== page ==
MAGE A-3 is a very interesting and cancer specific antigen that is meaningfully expressed in up to 66% of melanomas and 35% of non-small cell lung cancers. The Glaxo trials are being conducted only in patients who express high levels of MAGE A-3. These were very large trials as there were 1,350 patients in the melanoma trial and 2,300 patients in the non-small cell lung cancer trial; the latter is the largest trial ever done in this stage of NSCLC. These trials are very different from previously conducted cancer vaccine trials in that they are being done in early stage patients (recall my earlier discussion on why immunotherapies should be tested in early stage and not late stage patients). They are also very large trials that are well powered to achieve statistical significance in their primary endpoint of median progression free survival and secondary endpoint of median overall survival. The trials are targeted at a specific population of high MAGE A-3 expressors who can benefit as opposed to a broader, non-specific patient population; this has been a mistake often made in prior cancer trials.

There is reason to hope that this approach will lead to success in the trials because of the designs of the trials, but what are the chances for success? It has been my experience that a significant percentage of clinical trials fail not because the drug doesn't work, but because the trials are too small or there are flaws in the trial design. Small biotechnology companies often don't have enough money to conduct large trials and may not have the skills to design and execute the trials. This is not the case with the MAGE A-3 vaccine as the Glaxo trials are very large and hopefully the considerable experience of Glaxo in conducting clinical trials will mitigate the design and execution risk.

I do want to take a moment to consider why these trials might fail. When I listen to pessimistic investors, the most often cited reason is the large number of cancer vaccine failures that have gone before. I believe that this was due in part to an inappropriate focus on late stage patients instead of earlier stage patients. However, this is just a hypothesis and there may be other reasons that we have yet to discover that account for these failures. Another potentially negative issue is that the MAGE A-3 vaccine targets a single antigen. It is known that when cancer treatments, which target particular cancer antigens in a cancer cell, over time, cancer cells displaying these antigens are depleted. This leads to the selection or emergence of cells that are resistant to treatment; a process that is known as antigen drift. For this reason, most cancer vaccine products -- Provenge is an exception -- are targeted at multiple antigens.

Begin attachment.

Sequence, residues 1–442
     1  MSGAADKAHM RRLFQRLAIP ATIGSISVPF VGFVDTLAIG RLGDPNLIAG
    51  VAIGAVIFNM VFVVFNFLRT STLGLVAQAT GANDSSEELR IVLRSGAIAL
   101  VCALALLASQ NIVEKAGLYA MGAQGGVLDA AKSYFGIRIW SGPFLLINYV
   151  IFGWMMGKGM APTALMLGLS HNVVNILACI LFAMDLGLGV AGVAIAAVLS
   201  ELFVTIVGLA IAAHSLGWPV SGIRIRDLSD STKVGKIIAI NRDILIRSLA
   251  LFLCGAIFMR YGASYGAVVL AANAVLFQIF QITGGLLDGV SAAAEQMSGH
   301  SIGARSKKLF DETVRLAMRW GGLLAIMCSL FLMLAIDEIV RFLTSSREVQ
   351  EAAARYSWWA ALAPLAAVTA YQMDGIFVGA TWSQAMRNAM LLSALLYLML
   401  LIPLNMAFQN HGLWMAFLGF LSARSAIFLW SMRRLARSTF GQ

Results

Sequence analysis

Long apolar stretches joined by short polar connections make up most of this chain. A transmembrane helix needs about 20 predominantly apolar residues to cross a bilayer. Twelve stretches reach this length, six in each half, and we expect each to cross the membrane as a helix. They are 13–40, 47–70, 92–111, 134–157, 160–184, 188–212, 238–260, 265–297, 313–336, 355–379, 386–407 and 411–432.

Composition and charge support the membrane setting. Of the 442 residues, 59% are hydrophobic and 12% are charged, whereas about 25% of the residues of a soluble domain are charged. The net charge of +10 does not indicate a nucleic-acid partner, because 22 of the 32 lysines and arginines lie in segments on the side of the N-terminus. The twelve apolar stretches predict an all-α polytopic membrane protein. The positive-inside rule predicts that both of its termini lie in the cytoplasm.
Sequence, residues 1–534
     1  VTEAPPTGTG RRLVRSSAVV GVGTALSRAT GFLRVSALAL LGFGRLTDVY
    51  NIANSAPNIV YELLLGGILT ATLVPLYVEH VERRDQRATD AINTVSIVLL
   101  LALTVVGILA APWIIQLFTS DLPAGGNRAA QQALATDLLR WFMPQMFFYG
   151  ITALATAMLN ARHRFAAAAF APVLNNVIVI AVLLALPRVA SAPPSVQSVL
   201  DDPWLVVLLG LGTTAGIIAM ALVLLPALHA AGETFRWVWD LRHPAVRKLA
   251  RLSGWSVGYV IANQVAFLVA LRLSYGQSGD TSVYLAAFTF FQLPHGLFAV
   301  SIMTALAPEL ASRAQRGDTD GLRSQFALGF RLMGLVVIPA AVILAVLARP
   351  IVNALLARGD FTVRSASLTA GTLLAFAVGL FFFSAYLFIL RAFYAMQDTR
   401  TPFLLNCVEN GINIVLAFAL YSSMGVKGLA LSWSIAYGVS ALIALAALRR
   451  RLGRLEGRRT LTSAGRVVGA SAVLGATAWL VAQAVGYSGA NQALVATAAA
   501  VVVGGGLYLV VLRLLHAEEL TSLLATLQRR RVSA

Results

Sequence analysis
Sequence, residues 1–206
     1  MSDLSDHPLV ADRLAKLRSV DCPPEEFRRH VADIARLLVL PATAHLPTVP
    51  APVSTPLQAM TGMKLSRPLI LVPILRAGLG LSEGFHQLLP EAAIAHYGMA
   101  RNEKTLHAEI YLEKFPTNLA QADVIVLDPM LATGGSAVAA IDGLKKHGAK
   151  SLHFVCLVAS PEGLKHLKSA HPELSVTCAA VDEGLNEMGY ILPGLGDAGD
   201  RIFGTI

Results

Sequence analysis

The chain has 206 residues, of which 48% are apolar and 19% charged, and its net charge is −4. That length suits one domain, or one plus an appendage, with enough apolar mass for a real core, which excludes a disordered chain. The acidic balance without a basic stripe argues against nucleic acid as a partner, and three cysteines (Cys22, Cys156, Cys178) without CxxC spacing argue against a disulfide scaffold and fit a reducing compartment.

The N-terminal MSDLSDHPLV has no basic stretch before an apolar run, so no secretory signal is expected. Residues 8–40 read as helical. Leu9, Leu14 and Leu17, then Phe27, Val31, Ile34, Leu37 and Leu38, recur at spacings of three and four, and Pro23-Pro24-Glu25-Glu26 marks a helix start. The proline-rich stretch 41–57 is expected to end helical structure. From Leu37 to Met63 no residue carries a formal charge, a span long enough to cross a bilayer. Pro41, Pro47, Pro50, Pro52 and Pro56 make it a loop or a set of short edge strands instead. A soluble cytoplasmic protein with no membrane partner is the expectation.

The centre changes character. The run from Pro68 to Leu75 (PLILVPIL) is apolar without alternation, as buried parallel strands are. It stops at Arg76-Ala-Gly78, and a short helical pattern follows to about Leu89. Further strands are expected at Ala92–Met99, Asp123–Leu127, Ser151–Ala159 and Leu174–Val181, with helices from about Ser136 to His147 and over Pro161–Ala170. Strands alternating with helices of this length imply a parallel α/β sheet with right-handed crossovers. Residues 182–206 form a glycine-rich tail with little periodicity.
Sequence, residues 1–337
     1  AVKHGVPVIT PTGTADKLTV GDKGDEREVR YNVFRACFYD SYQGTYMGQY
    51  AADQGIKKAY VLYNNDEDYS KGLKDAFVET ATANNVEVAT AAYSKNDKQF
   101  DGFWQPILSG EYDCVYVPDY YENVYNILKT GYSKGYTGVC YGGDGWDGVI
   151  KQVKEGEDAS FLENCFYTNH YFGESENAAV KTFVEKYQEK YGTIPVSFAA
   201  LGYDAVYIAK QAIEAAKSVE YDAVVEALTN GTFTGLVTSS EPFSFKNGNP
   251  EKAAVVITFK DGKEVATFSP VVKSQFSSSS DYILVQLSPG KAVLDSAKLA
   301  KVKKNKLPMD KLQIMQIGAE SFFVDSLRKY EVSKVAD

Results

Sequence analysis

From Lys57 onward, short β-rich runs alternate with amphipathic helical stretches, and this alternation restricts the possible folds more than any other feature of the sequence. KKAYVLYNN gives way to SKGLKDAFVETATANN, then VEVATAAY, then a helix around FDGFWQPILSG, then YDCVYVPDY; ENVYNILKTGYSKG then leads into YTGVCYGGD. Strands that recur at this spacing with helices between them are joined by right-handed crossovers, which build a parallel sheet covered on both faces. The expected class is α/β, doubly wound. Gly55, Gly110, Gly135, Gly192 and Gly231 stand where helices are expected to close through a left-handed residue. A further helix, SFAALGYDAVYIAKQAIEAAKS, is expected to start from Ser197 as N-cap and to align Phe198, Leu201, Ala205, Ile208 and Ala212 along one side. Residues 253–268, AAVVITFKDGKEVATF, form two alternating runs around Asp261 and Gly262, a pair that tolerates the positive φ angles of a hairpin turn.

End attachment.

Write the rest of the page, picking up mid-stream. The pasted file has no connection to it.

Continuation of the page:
The risk of failure in these trials is significant and if they do fail, it is likely to be due to some unanticipated biological or clinical trial event. This seems to happen over and over again in the pursuit of new cutting edge products. Biology is very complex and it often takes decades to refine new therapeutic approaches as has been the case with cancer in the use of chemotherapy, monoclonal antibodies and targeted therapies. Unexpected things inevitably arise. However, I think that the Glaxo trials in melanoma and non-small cell lung cancer are well planned and conducted and have a reasonable chance for success.